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Butterfly egg chasers defy freezing cold to count a winning streak

Berkshire, Buckinghamshire & Oxfordshire Wildlife Trust's hairstreak butterfly egg count at Leaches Farm Nature Reserve near Bicester. Picture: Hayley Beck

There’s looking for a needle in a haystack, then there’s looking for a butterfly egg in a hedgerow – in the freezing cold.

That is how 15 nature lovers started their year in an important annual tradition.

The staff and volunteers from Berkshire, Buckinghamshire & Oxfordshire Wildlife Trust (BBOWT) spent four hours in icy weather on Tuesday hunting for the tiny, ball bearing-sized eggs of the rare and beautiful brown hairstreak butterfly.

The speckled species is under threat in England from habitat destruction, but the Wildlife Trust creates and maintains tangled blackthorn hedgerows where it likes to lay its eggs at nature reserves near Bicester.

The Tuesday team, armed with powerful magnifying glasses, combed the thickets at Leaches Farm and nearby Ludgershall Meadows and counted an incredible 219 tiny white eggs.

The last time they searched these sites in 2016, the team found just 39 eggs – making this year’s total a 200 per cent increase.

The number of eggs the brown hairstreak lays from year to year can vary greatly because of factors such as weather, but the Trust is still counting the 2024 total as a win for wildlife.

Colin Williams, Senior Ecology Officer at BBOWT, said:
“This is a really brilliant result, especially for the members of our team who spent four hours hunting for eggs in the freezing cold this week.

“We are currently living through a nature and climate crisis, and the numbers of so many of our beloved species are declining across the UK, especially butterflies. The hedgerow habitat at these sites, like the habitats at all our nature reserves, is painstakingly maintained by our staff and our amazing, dedicated volunteers, and the fact that we counted more than 200 hairstreak eggs this week is absolutely a testament to their brilliant work.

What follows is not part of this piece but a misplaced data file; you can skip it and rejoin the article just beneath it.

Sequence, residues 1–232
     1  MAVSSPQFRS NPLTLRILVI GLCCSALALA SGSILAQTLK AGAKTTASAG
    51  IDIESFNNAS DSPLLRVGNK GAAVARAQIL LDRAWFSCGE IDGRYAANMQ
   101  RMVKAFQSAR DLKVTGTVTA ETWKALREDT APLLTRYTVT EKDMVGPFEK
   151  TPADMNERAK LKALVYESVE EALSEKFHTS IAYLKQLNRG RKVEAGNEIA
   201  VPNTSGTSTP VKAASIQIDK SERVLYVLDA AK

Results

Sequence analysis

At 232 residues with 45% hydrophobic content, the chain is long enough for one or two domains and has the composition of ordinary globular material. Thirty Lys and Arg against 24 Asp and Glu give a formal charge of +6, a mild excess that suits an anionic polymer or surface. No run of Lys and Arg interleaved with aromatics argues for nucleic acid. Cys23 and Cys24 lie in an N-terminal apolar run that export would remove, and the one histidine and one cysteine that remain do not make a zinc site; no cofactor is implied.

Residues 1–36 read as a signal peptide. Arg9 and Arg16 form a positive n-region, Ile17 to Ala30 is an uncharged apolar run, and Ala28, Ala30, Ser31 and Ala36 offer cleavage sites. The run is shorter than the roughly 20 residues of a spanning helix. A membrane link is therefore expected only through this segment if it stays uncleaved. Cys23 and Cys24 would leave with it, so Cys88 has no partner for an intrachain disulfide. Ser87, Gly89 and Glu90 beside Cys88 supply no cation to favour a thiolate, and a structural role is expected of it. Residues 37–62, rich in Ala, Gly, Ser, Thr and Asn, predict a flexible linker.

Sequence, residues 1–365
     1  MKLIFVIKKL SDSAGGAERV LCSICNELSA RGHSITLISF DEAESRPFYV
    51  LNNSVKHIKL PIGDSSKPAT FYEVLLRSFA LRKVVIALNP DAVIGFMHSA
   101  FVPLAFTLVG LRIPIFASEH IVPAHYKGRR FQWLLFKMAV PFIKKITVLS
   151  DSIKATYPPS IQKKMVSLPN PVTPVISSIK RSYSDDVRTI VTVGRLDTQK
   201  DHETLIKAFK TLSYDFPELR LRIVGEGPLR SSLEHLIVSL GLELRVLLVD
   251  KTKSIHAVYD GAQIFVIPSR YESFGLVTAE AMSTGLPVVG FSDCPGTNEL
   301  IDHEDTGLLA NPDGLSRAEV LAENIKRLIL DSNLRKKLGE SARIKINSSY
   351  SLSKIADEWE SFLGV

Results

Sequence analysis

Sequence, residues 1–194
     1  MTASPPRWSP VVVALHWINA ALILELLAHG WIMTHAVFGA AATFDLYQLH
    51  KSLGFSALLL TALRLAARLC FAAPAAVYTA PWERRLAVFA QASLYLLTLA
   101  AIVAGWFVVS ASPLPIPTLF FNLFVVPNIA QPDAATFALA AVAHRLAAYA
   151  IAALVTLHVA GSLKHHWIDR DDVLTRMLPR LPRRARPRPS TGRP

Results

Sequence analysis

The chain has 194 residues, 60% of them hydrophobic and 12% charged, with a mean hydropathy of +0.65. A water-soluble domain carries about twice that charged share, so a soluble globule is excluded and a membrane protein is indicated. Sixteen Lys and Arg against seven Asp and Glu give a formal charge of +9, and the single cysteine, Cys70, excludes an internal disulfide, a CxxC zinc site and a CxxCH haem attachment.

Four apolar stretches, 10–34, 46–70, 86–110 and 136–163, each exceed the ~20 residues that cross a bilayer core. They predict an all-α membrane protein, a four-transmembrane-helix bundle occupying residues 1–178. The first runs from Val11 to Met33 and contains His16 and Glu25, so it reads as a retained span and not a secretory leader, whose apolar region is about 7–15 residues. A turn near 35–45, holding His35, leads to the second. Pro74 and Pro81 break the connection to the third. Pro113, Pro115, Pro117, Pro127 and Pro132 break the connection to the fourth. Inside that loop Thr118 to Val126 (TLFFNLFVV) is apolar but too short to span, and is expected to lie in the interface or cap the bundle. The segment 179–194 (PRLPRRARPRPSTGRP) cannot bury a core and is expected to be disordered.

“We’d like to thank all our staff and volunteers for the invaluable work they do which makes a real difference to our local wildlife.”

The good result for brown hairstreaks comes after the Trust made several wildlife records at its nature reserves last year.

In the summer, volunteers counted a record 303 glow worms at the charity’s Whitecross Green Wood reserve, also near Bicester. At the same site they also recorded a rare southern migrant hawker dragonfly breeding in a brand new pond – the first time the species has ever been recorded breeding in Oxfordshire.

At a time when climate change, habitat loss and pollution are threatening many species, the Trust put these record results down to the excellent work of its staff and volunteers creating and maintaining important wildlife habitat at its nature reserves.

In order to continue its work, in September the Trust launched its biggest-ever appeal, The Nature Recovery Fund, aiming to raise £3 million in three years to help it tackle the nature and climate crisis. Find out more at bbowt.org.uk/nature-recovery-fund


Main image: Berkshire, Buckinghamshire & Oxfordshire Wildlife Trust’s hairstreak butterfly egg count at Leaches Farm Nature Reserve near Bicester. Picture: Hayley Beck